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Jiang Searches for an American Moment



With slicked back, thining black hair and matching black oversized spectacles, the 71-year-old Chinese President Jiang Zemin appears neither suave nor telegenic.

But Americans and their Chinese counterparts halfway around the world are watching his every move because Jiang leads 1.2 billion people in the world's most populous country with one of the world's fastest growing economies.

China's emergence as a regional power and a rising world superpower has raised calls for containment among some security experts while American businesses are clamoring for engagement to gain a foothold in the enormous Chinese market.

When Deng Xiaoping died nine months ago, Jiang was poised to take over leadership of China. With the support of the military, Jiang introduced himself to the world at Hong Kong's handover and went back home to consolidate his power within the Communist Party at the 15th National People's Congress this fall.

While it seems that few people in the United States knew of Jiang before his current tour of America--the first state visit by a Chinese leader in 12 years--America is not new to Jiang.

His son, Jiang Mian Heng, graduated from Drexel University in 1991 with a Ph.D in electrical engineering. Jiang himself has previously visited the United States. As mayor of Shanghai, Jiang toured sister city San Francisco and became fast friends with its mayor, Dianne Feinstein, who is now a Democratic Senator from California.

President Clinton has announced plans to visit China late next year. This would be the first visit by an American president since before Tiananmen Square.

An engineer by training--Jiang spent one year working at the Stalin Automobile Plant in Moscow--the Chinese president-to-be kept the door to political life open by joining the communist party of China before graduating from college.

After graduation, Jiang's first jobs were in candy and soap factories. As he climbed the company ladder, he also picked up some political posts, eventually making it to Beijing in the Ministry of Machine-Building-Industry.

His rise up the party ranks received a major boost immediately following the Tiananmen Square massacre in June of 1989. In part for his bloodless handling of protests in Shanghai during the summer of that year, Deng chose Jiang as his successor.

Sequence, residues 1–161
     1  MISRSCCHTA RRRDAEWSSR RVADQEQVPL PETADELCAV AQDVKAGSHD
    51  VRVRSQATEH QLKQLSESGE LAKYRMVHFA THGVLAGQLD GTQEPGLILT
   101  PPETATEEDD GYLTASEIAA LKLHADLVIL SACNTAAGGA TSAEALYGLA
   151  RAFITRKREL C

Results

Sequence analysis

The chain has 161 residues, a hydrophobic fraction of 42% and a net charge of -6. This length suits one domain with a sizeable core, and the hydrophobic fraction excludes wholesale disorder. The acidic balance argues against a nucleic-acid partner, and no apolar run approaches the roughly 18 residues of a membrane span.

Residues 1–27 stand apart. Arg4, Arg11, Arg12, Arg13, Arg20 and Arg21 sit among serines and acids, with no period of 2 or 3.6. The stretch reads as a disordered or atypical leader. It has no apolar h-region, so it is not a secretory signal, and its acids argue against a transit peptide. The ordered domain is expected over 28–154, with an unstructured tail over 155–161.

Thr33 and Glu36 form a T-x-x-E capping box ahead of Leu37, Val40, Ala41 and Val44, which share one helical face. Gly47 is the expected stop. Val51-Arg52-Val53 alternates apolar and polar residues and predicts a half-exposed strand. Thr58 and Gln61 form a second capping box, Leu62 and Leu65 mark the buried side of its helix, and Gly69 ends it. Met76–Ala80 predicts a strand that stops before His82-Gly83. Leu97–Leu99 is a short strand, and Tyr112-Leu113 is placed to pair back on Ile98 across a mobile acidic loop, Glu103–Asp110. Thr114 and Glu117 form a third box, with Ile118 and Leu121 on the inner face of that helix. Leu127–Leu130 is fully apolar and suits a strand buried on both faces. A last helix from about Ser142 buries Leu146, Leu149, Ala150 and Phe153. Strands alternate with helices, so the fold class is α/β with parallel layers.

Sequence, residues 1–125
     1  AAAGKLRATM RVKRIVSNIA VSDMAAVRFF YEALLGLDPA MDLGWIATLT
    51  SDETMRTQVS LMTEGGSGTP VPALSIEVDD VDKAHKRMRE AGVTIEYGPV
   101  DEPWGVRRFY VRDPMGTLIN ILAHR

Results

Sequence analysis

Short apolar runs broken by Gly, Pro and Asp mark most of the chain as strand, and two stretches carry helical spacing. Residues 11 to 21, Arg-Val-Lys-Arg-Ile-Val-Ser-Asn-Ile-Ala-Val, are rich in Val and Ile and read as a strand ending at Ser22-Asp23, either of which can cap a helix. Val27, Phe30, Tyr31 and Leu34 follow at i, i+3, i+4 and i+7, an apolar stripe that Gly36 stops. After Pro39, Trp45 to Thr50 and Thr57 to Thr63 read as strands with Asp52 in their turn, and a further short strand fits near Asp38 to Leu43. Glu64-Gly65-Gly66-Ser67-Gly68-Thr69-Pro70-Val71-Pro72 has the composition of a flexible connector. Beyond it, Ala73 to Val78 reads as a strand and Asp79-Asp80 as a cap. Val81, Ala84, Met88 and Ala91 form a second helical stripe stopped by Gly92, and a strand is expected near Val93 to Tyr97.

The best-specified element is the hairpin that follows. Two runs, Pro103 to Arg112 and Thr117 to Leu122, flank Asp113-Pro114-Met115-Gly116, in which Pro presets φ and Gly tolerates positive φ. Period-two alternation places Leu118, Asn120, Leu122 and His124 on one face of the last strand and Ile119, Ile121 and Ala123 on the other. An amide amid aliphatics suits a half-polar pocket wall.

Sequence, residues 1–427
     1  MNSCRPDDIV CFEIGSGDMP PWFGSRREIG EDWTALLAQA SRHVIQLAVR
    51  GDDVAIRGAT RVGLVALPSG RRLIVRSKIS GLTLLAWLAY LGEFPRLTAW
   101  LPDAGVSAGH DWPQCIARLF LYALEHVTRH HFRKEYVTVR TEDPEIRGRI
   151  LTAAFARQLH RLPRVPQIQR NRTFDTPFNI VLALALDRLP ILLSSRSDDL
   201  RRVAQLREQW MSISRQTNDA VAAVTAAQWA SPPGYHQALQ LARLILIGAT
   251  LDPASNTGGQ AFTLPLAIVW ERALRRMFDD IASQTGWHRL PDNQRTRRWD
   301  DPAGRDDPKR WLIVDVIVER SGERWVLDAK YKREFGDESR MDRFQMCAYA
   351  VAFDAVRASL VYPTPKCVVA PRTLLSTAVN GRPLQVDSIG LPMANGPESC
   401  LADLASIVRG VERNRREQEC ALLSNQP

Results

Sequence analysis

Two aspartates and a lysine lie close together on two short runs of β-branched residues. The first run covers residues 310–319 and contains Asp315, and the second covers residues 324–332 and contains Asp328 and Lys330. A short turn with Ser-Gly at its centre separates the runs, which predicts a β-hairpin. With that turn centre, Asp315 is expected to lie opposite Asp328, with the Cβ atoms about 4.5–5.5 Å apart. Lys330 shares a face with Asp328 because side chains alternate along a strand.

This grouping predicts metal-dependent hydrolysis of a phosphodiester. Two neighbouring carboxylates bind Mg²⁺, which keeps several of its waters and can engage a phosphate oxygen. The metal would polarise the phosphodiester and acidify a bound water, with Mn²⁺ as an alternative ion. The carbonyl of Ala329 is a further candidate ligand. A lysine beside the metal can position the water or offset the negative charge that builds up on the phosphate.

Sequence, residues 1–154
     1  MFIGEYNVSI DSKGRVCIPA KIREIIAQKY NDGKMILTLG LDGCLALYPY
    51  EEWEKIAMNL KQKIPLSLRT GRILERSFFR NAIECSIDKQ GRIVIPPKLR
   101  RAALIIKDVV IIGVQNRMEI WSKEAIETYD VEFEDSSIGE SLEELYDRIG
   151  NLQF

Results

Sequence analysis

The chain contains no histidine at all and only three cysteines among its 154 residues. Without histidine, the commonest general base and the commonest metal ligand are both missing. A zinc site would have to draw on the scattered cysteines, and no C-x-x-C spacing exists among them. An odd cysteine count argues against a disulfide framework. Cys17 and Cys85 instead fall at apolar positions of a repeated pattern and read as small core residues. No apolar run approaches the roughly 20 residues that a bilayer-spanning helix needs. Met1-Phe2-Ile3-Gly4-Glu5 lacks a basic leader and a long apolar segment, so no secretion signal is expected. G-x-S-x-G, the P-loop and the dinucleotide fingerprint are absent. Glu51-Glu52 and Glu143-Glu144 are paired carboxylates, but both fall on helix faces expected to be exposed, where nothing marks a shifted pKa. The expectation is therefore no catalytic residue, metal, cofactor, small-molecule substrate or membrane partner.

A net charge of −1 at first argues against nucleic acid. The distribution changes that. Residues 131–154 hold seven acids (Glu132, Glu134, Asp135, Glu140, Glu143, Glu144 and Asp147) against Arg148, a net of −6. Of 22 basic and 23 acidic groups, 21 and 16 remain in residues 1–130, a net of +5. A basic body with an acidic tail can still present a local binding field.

The power struggle between conservative and liberal leaders in the party forced Deng to pick someone tough enough to be accepted by conservatives, yet progressive enough to continue Deng's economic reforms.

Jiang had proven his mettle to conservatives during the beginning of the Tiananmen unrest by getting rid of the editor at an aggresively liberal newspaper in Shanghai.

Although it would be easy to dismiss Jiang's political skills because of Deng's protective wing, Jiang has proven in recent months that he is ready and and eager to assume the mantle of leadership. While giving the keynote speech in Hong Kong on July 1, Jiang hit the right buttons to ease the fears of Western nations and, most importantly, foreign investors. His trip through the United States has given him even greater stature at home.

"Protest against Jiang might even be a good thing," says Drexel Professor of Physics Feng Da Hsuan. "Protests mean that Americans care enough about Jiang to demonstrate against him."

In a culture where respect is of utmost importance, President Clinton showed a great deal of respect for Jiang by agreeing to disagree with the Chinese leader about human rights. Their edgy debate during a joint press conference showed Chinese viewers that their president was sparring with the leader of the United States--and Jiang was not backing down.

Yet Jiang faces extremely difficult tasks ahead. Hollywood has rallied around Tibet's cry for autonomy while Taiwan remains a tremendously sore spot in international relations. The legacy of Tiananmen Square has not worn out, as this week's protests have shown. Besides the three terrible Ts (Tibet, Taiwan and Tiananmen), China might have a fourth: Trade. The imbalance between China and the U.S. is about $40 billion, second only to the deficit between Japan and the U.S.

The biggest winner of the entire Jiang-Clinton summit may very well be Boeing--Jiang agreed to a $3 billion deal to buy 50 airplanes--which speaks volumes about the relationship between the two countries.

Economics will continue to dominate the relationship and that a few symbolic high-tech purchases will not make a dent in the trade deficit.

During the summit, China severed nuclear cooperation with Iran in order to improve relations with the United States. The commercial nuclear power contracts that China could make with the U.S. instead could be worth as much as $60 billion.

For Jiang, this state visit is crucial to his legitimization into world politics. Jiang could have avoided a potentially contentious speech at Harvard, but he has not backed down in the face of possible demonstrations. Filling his itinerary with visits to symbols of American's democratic values--including Thursday's trip to Philadelphia, home of the Liberty Bell and Independence Hall--Jiang seems to relish standing against the backdrop of freedom at each of his stops.

Whatever Jiang does in America will inevitably be compared to Deng's trip in 1979, when Deng was also trying to establish himself. Deng's defining moment was his donning of a 10-gallon hat in Texas. Could holding the Philadelphia Flyers' jersey with his name on the back be Jiang's moment?

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